Inside the Volcano
After hiking through a field of lava, donning a helmet and harness, and climbing to the top of a perfectly conical volcanic crater, we gathered our courage and stepped onto a cable lift… the kind normally used to wash the windows of skyscrapers. Then we were lowered four hundred feet underground into the magma chamber of a long dormant volcano. A little scary, but visiting Þrihnúkagígur was a once-in-a-lifetime opportunity we couldn’t resist.
The Þrihnúkagígur (“Three Peaks”) volcano southeast of Reykjavík has lain dormant for over 4000 years, but it wasn’t until 1974 that a team of local adventurers led by Árni Stefánsson discovered the magma chamber accessible through the mouth of one of the craters. A perfect magma chamber without any magma. Immediately realizing this was a place unique in the world, Árni labored for years to open the volcano to tourism, finally succeeding in 2012.
Tours inside the volcano are run exclusively by 3H Travel. A bus picked us up in Reykjavík and brought us to the Blafjoll mountain ski resort. From here it was an hour-long hike over a lava field to the camp at the foot of Þrihnúkagígur, where we met the team, examined diagrams of the magma chamber and played with an injured arctic fox cub that had taken refuge there.
The diagrams of Þrihnúkagígur were impressive — it’s spacious enough to comfortably fit the Statue of Liberty, and taller than the Hallgrímskirkja. But I didn’t truly understand the size of the place until we were lowered into it. Massive.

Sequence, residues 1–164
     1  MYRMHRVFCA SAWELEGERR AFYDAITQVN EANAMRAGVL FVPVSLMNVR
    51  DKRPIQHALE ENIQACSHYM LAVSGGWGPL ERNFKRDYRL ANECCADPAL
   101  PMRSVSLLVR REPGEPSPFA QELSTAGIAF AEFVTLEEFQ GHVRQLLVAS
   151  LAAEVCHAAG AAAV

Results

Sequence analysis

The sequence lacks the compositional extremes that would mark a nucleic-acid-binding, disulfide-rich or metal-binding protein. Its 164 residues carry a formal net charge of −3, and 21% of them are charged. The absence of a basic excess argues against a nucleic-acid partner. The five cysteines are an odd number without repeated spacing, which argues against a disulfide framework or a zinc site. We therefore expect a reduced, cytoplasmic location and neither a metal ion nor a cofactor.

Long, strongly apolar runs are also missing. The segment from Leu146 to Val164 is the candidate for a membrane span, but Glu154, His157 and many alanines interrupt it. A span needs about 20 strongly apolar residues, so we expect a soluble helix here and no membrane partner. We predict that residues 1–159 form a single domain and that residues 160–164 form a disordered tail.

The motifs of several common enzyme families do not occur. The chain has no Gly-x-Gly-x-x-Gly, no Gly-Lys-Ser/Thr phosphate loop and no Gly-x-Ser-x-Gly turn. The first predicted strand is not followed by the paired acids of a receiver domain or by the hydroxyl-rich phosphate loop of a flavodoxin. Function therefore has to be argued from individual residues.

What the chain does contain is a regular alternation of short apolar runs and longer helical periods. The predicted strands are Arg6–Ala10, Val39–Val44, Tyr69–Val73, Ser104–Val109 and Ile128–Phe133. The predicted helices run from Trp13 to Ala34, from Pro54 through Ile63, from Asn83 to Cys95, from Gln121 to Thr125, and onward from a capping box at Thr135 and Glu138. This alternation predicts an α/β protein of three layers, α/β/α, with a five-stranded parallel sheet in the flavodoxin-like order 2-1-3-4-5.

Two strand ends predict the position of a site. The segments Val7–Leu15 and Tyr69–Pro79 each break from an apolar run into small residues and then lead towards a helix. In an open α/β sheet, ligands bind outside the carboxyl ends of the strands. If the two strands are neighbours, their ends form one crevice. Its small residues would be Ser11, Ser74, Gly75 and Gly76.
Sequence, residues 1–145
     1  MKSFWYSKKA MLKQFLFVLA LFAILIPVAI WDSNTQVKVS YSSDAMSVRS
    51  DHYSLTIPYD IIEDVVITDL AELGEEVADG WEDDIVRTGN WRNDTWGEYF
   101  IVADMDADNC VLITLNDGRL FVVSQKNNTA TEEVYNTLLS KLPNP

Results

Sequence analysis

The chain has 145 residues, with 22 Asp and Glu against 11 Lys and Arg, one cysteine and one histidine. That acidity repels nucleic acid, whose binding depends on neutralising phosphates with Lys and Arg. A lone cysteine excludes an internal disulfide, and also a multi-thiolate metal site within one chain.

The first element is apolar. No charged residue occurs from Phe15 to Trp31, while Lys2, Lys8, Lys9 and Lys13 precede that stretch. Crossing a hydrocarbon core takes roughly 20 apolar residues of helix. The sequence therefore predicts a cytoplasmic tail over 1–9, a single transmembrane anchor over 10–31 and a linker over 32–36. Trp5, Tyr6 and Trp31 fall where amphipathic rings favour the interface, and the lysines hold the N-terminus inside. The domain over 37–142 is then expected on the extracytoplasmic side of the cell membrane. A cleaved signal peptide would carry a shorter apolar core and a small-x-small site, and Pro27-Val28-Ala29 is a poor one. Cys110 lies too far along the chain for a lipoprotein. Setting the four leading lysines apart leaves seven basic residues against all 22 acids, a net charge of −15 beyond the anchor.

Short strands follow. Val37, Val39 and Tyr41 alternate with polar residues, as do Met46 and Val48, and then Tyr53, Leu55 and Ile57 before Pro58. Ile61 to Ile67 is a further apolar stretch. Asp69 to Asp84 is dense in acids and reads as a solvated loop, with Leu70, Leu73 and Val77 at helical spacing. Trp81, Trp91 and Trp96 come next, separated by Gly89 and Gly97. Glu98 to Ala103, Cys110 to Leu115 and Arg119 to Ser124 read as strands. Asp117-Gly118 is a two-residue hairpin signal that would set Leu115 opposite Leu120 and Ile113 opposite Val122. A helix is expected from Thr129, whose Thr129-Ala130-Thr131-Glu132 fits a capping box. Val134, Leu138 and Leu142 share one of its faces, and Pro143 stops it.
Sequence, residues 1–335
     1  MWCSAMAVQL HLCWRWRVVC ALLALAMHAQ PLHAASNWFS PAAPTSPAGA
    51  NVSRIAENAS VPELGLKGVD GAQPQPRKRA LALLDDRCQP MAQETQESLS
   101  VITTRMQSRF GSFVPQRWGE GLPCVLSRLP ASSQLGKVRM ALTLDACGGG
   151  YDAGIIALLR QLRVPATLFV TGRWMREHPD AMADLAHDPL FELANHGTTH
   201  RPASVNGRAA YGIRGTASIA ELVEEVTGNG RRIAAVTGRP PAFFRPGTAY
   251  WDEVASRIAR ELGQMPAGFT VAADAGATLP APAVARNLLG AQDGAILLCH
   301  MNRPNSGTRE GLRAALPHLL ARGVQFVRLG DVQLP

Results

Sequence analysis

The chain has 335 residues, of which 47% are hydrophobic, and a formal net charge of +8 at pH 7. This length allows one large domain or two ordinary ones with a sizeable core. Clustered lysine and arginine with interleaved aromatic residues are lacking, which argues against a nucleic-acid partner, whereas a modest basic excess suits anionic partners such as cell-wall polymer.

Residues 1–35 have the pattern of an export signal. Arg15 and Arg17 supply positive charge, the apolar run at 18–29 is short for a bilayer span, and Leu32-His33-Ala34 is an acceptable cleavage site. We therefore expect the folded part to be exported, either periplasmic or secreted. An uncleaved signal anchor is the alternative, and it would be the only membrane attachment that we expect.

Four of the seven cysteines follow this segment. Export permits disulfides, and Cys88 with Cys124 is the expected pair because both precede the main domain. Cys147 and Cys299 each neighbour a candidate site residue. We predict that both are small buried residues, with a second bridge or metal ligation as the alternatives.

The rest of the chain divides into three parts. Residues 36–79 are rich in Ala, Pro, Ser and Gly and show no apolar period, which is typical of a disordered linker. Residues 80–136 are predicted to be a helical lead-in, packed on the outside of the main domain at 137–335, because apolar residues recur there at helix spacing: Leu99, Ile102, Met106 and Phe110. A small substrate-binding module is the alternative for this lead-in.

Þrihnúkagígur is unique in that it has managed to retain its conical shape even after the release of its magma. Scientists believe this is because the magma drained out the bottom, instead of exploding out the top… “It’s like somebody came and pulled the plug”, said Haraldur Sigurdsson, the volcanologist who founded Stykkishólmur’s volcano museum. The lift takes about seven minutes to reach the floor, and then you have around a half-hour to explore, before the ride back up.
It’s an amazing feeling, crawling around the jagged rock, peering up at the tiny crater now 400 feet overhead, feeling the walls which have been either scorched black by the lava’s heat, or are still vividly colored by the earth’s minerals… yellow, red, orange. It’s exactly how you always thought the interior of a volcano might look, and the experience of simply being there is unforgettable.
There’s no denying that at 37,000kr ($310) apiece, the tour is prohibitively expensive. But turning people off is partially the point, since this is the kind of operation that simply can’t support massive numbers of tourists. Still, after you’ve paid $310, driven an hour out of Reykjavík, hiked an hour, and then waited at camp for your turn, it’s a little frustrating to have only 30 minutes inside the chamber.
But this is a petty gripe and, in the grand scheme of things, these were probably the only 30 minutes I’ll ever spend inside an actual volcano. Overall, it’s an experience we can’t recommend enough.
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September 16, 2013 at 1:47 pm